The Gas Chamber: A Venice Beach Pepper Spray Horror Movie

by Peggy Lee Kennedy


Officer David Guiterman casually leaned over to his left, pulled out his pepper spray canister from its holster, shook it slowly and deliberately, then leaned forward into the opening of the back door of the patrol car and sprayed Benjamin Barker straight in the face for four or five seconds. Count it out: one-one thousand, two one-thousand, three one-thousand, four one-thousand... Mr. Barker was handcuffed and sitting in the back seat of the police car pleading, “Don’t spray me, please!”

The officers then shut all the doors  – creating a “Gas Chamber” of pepper spray inside the car. Barker appeared to convulse and struggle to breath while Officer Guiterman, two other Pacific Division officers, and the LAPD Venice Beach Sub-Station Supervisor, Sgt Burrus, all stood outside the closed car as if nothing was happening.

Calvin E. Moss, a long-time Food Not Bombs activist and co-founder of our Venice Justice Committee, captured that February, 2005 Venice Beach LAPD pepper spray incident on videotape. The video was seen more recently with a flurry of other police abuse episodes on CNN, ABC, KTLA, etc. as if only part of a transitory epidemic of police abuse.


The pepper spray tape and our Justice Committee sprouted from our Food Not Bombs activity, where we were originally trained in non-violent resistant by [Robert Myers of] the National Lawyer’s Guild Los Angeles (NLG_LA) specifically to oppose anti-feeding, anti-homeless laws created by the City of Santa Monica. We then sought further training in Cop Watch and video advocacy in order to document the human rights violations happening around us. This included trainings by Paul Mills of Police Watch LA and Michael Zinzun, former member of the Black Panther Party for Self-Defense and co-founder of the Coalition Against Police Abuse (CAPA). It was Michael Zinzun (may he rest in peace) who suggested that we form a Justice Committee.

But that February night, we watched the video over and over again in my Venice apartment, re-living the incident, trying to get the victim’s name or the number he was calling out and trying to figure out what we should do. We thought the victim’s name might be Parker, but he really wasn’t in very good shape even before Officer Guiterman pepper sprayed him in the face. Besides being handcuffed, sitting in the back of a police car, and not resisting (simply whining and crying) - Barker appeared disabled and disoriented, which makes the excessive use of force even more egregious. He had hospital bandages on both of his wrists and kept sobbing loudly about the ways he was hurting: his leg, his rib, his wrist. Another upsetting thing about watching the tape was how so many people just walked by on the Venice Beach Boardwalk, as though this was OK, or he must deserve it somehow.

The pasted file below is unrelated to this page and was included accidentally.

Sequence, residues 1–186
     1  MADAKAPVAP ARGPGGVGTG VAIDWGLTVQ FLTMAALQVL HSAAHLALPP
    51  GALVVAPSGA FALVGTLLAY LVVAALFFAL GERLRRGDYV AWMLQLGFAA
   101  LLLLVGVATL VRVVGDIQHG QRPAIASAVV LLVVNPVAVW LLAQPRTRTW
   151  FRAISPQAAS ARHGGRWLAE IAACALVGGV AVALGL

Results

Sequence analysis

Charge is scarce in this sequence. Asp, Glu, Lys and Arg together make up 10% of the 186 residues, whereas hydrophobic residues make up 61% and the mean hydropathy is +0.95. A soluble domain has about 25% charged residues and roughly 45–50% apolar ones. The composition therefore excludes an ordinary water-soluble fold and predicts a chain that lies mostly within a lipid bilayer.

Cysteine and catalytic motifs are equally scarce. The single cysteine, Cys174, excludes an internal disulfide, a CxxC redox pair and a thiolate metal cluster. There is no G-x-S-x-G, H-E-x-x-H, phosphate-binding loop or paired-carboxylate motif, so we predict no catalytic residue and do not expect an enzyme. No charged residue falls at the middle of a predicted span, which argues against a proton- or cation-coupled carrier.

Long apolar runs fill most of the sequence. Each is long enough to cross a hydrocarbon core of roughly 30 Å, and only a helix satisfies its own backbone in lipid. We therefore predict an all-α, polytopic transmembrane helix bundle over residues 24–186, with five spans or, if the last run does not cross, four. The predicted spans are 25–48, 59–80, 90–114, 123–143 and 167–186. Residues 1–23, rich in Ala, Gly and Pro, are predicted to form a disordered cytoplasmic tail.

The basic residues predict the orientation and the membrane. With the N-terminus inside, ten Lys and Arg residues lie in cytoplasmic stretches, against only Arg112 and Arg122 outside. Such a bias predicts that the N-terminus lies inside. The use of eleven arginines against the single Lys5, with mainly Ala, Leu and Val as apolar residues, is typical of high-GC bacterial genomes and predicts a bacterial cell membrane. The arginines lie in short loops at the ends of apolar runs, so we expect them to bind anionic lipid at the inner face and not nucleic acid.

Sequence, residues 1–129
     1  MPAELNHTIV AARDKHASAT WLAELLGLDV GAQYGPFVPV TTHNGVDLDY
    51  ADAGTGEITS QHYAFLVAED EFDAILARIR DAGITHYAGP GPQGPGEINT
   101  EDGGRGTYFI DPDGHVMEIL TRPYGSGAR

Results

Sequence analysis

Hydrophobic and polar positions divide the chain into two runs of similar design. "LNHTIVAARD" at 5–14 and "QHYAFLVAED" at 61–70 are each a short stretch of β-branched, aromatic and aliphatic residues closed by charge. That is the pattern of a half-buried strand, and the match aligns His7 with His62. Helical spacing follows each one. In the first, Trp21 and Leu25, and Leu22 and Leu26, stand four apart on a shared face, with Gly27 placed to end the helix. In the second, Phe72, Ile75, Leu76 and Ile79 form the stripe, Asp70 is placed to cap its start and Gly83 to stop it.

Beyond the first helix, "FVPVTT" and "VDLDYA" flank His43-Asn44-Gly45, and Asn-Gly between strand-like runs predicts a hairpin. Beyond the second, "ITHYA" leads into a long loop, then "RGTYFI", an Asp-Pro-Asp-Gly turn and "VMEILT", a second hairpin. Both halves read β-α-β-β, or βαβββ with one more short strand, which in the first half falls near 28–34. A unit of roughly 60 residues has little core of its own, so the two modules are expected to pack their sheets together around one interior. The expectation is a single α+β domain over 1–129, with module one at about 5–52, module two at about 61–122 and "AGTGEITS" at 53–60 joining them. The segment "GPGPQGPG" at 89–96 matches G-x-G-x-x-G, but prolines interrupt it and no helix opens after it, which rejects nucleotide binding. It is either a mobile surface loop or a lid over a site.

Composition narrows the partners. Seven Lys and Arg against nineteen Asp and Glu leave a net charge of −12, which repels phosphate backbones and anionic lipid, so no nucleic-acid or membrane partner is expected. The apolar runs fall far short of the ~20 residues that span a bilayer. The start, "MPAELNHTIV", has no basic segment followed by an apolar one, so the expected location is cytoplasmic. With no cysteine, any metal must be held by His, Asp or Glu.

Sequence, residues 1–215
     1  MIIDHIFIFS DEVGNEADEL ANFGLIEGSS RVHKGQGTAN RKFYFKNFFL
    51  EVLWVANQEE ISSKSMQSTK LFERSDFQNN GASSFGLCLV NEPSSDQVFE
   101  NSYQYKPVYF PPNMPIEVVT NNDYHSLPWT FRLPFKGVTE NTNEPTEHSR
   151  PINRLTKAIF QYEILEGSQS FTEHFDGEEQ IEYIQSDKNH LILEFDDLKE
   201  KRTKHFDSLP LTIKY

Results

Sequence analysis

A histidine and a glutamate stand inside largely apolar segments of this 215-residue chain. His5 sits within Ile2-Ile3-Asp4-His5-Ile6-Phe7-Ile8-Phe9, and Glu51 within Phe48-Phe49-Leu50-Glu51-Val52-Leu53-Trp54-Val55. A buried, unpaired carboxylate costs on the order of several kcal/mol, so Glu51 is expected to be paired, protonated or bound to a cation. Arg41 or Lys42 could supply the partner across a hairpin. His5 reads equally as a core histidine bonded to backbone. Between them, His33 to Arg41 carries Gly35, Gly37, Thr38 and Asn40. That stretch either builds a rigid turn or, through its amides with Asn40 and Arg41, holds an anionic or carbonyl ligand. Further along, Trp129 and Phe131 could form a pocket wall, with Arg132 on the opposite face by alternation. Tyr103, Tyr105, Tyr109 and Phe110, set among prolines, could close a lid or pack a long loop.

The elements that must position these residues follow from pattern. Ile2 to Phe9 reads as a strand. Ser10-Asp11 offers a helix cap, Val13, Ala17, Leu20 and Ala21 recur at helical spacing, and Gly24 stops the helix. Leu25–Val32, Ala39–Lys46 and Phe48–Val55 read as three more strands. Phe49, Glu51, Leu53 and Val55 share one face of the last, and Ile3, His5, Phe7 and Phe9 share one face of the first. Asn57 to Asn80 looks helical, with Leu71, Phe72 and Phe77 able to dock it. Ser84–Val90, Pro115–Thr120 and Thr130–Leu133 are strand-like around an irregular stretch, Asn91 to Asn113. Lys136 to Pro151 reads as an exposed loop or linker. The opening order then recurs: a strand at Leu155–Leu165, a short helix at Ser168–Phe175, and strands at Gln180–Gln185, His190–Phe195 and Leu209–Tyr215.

After enough of watching the pepper spray horror movie, we called Paul Mills and talked about what we should do with the tape. The decision was to first try contacting John Raphling, an attorney at the Los Angeles County Public Defender’s office, assigned to the LAX  (Airport) Courthouse. Raphling had previously helped our Justice Committee by successfully defending a Venice woman who the City of Los Angeles prosecuted for living in her vehicle (LAMC 85.02).


When we gave Raphling the tape, he reassured us that he would try to get this man justice. He located Barker, who was incarcerated and being arraigned at the LAX Courthouse, and he used our tape to defend Barker. It turned out that the officers present when Barker was pepper sprayed and arrested - Officer Guiterman, Officer Thusing, Officer Eguez, and Sgt Burrus - all lied on the police report.


Officer Guiterman said that he ordered Barker “to sit down and he did, he sat in the rear of the car with his feet out.” Close review of the video shows Officer Eguez apparently pulling Barker in the car from the other side by the handcuffs, which must have been painful. Barker cried in pain while this was happening. It is possible that Barker’s feet were out of the car, but he was not combative and was answering Guiterman’s questions.


Guiterman said that Barker took a deep breath and began to spit on him, but the video does not show this. Guiterman wrote, “I moved my head to the left and avoided the spit.” Definitively, this head movement never happened in the video. At no point during the time Barker was seated in the car does Guiterman or any other officer make a sudden move or reaction to avoid something Barker did or might do. He wrote that Barker continued to be aggressive and combative, which is also not true. Barker was sitting in the car whining and crying. He was not physically doing anything when Guiterman pepper sprayed him.


Officer Peggy Thusing was standing right next to Guiterman. She wrote that she saw Guiterman moving to avoid being spat on, that he took a step back, and that he was four feet away from Barker when he sprayed. In the video Guiterman leaned in - face first - and was nearly on top of Barker when he sprayed him.   The fact that he leans in face first contradicts his claim that the spraying was done in defense against spitting.


Officer Eguez said that he seat belted Barker in the car and by the time he came around the other side, he learned of the pepper spraying. In the video, he seems to know what’s happening before he came back to the other side of the car.. As Eguez was walking around the back of the car he is commenting about the spray and he was smiling or even laughing while the spraying happened.


Sgt Burrus, the commanding officer, was standing a few feet away. He wrote that Barker was standing outside the car, spat at Guiterman, and refused to get in until after Guiterman used the pepper spray. The videotape clearly shows Guiterman pepper spraying Barker while he was sitting down in the car. If, in fact, Barker did spit on Guiterman, it must have happened well before the actual pepper spraying, which makes the spraying an act of revenge.


So the undeniable truth in our videotape did help Benjamin Barker find some justice. We helped get him out of jail. Raphling was able to show the tape to the prosecutor who then dismissed charges for resisting and battery on a police officer. People abused by the police frequently get charged with crimes such as resisting arrest or battery on a police officer.